NHL’s Reputation for Toughness, Integrity Falling Faster Than Rising Ranks of Divers


NHL's Reputation for Toughness, Integrity Falling Faster Than Rising Ranks of DiversIt's been more than a decade since the NHL added a second referee on the ice. It might just be time for the league to look into employing even more officials. The greatest need now is for a set of judges rink-side to hand out scores for the acts of the ever-increasing ranks of divers disgracing the game.

Bruins fans are familiar with the antics, having seen it often enough over the years in games against the ultimate masters of the craft in Montreal. And in last year's Stanley Cup Final, the Canucks brought the art of the flop to the sport's highest stage.

Of course, even the Bruins themselves aren't completely innocent. Brad Marchand, who called out the Habs before a March game when he noted that the Canadiens "like to get in and shoot their mouths off and then when you hit them they'll dive down and fall easy," was whistled for diving twice in last year's Stanley Cup run alone.

Yes, this is an epidemic from which no team is completely free. Marchand's criticism of the Canadiens may well have been accurate, but the whole pot-meet-kettle dynamic blunts the impact of his words just a tad.

Fortunately, he's not the only NHLer speaking out about the problem. Anaheim's Ryan Getzlaf couldn't contain his disgust last week after Nashville agitator Jordin Tootoo did his best Greg Louganis to embellish a Corey Perry slash.

"We keep talking about all this stuff and changing rules and head shots and all that kind of stuff," Getzlaf told the Orange County Register. "That's not the stuff that's hurting our game. It's the lack of respect on the ice. I'm tired of watching Jordin Tootoo out there, a guy who runs around and hits and does everything else but the first little slash, he's laying on the ice and he's out the next shift.

"It's embarrassing and I'm sick of it," Getzlaf continued. "If they want to change the game and they want things to be better and they want more respect on the ice, get guys like that off the ice then. I'm sick of it."

The players should be sick of it. Such antics cheapen the game. Hockey has long enjoyed a well-deserved reputation as the toughest of sports. Players are revered for playing through an assortment of painful injuries that would fell most normal men. Admit it, whenever news of the latest baseball player headed to the disabled list is announced, who hasn't at least once uttered some variation on the familiar joke about a hockey player not even missing a shift for that?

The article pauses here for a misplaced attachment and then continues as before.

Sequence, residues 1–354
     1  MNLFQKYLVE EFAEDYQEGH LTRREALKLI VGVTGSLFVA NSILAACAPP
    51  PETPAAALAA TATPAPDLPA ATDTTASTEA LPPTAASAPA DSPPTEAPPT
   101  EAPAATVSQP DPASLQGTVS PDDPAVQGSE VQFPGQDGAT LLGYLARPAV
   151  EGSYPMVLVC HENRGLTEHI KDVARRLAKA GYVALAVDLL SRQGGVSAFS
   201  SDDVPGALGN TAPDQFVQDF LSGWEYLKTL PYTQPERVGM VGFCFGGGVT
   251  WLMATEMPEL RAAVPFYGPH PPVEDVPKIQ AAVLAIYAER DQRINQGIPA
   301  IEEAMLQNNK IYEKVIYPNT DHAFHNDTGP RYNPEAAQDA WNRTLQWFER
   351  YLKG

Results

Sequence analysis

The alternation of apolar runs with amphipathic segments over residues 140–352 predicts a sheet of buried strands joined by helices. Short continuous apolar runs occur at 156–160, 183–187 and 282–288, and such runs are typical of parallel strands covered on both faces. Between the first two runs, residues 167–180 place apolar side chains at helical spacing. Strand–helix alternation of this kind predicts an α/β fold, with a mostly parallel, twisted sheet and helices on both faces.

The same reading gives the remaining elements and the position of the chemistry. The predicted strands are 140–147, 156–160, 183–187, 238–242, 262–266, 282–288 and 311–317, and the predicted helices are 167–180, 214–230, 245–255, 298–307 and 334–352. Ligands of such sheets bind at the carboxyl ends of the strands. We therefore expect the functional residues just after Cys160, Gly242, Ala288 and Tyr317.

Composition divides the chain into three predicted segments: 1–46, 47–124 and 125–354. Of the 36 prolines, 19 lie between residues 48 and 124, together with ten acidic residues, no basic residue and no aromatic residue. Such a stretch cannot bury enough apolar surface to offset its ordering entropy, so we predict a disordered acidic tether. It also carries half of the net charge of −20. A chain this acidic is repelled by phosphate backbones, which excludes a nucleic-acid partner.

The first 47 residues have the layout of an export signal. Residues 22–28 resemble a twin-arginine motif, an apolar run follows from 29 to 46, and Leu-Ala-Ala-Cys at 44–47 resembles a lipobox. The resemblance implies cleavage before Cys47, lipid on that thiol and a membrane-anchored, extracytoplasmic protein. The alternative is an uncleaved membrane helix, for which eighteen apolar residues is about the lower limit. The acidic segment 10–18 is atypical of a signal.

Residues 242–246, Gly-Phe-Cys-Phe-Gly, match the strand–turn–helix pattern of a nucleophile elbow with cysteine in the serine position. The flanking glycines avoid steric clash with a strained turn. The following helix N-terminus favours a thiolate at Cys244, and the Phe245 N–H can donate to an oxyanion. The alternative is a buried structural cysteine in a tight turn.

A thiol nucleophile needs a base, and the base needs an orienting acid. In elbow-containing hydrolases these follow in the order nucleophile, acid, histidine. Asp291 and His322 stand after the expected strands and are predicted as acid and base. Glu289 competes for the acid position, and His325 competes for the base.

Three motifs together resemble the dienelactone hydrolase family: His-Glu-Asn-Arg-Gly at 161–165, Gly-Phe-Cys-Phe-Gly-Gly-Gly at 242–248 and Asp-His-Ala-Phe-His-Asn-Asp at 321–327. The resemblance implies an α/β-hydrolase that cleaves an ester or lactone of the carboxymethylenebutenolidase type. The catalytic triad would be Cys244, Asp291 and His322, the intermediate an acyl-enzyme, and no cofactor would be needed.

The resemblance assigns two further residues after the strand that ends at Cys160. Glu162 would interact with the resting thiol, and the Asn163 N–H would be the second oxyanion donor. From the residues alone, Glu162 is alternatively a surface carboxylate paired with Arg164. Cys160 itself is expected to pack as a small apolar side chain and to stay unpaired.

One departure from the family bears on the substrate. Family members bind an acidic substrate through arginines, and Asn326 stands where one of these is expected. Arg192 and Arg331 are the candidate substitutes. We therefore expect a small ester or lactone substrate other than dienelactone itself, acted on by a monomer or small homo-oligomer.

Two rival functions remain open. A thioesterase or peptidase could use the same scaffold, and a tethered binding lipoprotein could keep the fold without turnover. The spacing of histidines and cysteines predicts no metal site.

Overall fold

But the more players opt to dive at the slightest contact, embellishing to draw calls and feigning injury in efforts to increase the severity of those penalties, the more hits the game takes to its storied tradition of toughness and integrity.

It's up to the players to police this problem themselves. There's only so much the refs can do. With the speed the game is played at, it's asking too much of the officials to always catch the perpetrators flopping for calls, especially when players like Mike Ribeiro could give acting lessons to Meryl Streep.

The league has tried to keep the antics in check in recent years with attempted crackdowns, fines for repeat offenses and even trying to publicly shame the most recalcitrant with a list of known offenders. The NHL rulebook even has a whole section dedicated to the problem (Rule 64 — Diving/Embellishment).

But it's done little to stem the flow of flops. The referees often seem reluctant to make the call, and when they do it's usually only to even up a call already being made, rather than putting the offending party's team shorthanded. This season, according to CBSSports.com's breakdown of penalties by infraction, there's been just three diving penalties called so far this season. Two Capitals, Alexander Semin and Matt Hendricks, and Pittsburgh's Matt Cooke (shocking — I know that he would ever do anything to disgrace the game) have each been called for diving once, and all three came with a matching penalty to the opposing team.

With such low odds of being caught, it's little wonder that more and more players are willing to try to give their team an edge by diving for calls. The only way to truly stop it is through pressure from their fellow players, who don't want to let hockey degenerate even further to soccer on ice.

"They tried to do something about it by adding a fine for guys diving," Bruins forward Milan Lucic said this week. "I mean, obviously we're not a team that does that. From a personal standpoint as a player, I don't know how you could dive and then go off the ice smiling because you think you did something good. You should have more pride in yourself than doing something like that."

Pride and professionalism should be the antidote for this disease, but the diving epidemic in hockey is proving to be a very virulent strain.

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